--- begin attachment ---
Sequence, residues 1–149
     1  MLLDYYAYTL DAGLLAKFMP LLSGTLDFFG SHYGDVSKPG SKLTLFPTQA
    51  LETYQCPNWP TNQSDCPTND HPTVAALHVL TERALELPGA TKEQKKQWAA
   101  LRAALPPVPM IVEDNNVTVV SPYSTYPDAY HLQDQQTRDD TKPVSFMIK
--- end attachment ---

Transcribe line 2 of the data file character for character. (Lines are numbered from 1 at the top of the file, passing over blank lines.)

     1  MLLDYYAYTL DAGLLAKFMP LLSGTLDFFG SHYGDVSKPG SKLTLFPTQA